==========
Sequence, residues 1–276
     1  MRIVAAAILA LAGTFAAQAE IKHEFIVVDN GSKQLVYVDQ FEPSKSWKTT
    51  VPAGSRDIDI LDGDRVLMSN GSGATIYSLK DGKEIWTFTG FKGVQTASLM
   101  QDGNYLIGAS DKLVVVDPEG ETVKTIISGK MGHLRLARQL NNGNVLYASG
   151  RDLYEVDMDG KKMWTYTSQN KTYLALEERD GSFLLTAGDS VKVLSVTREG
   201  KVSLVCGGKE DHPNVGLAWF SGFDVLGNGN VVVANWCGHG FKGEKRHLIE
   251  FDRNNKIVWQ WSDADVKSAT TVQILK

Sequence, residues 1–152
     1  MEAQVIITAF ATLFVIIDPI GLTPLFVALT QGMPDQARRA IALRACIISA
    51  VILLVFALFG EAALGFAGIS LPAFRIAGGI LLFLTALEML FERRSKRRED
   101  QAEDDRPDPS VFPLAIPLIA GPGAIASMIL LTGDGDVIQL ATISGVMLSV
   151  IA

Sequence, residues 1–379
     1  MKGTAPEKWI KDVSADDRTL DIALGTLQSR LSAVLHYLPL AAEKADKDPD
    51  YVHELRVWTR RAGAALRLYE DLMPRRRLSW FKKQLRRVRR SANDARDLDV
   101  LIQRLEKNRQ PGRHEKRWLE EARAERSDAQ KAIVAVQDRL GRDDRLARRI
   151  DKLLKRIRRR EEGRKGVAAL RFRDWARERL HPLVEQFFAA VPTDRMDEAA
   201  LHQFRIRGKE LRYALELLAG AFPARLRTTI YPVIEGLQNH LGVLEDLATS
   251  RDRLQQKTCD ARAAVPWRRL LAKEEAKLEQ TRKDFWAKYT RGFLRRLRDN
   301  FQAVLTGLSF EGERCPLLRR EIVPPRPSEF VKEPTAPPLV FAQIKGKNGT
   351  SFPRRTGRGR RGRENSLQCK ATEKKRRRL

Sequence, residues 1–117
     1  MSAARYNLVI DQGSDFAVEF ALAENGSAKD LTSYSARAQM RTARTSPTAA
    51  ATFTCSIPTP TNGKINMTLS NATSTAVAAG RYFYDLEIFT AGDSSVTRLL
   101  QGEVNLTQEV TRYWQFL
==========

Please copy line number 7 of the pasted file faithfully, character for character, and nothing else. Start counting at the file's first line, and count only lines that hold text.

   251  FDRNNKIVWQ WSDADVKSAT TVQILK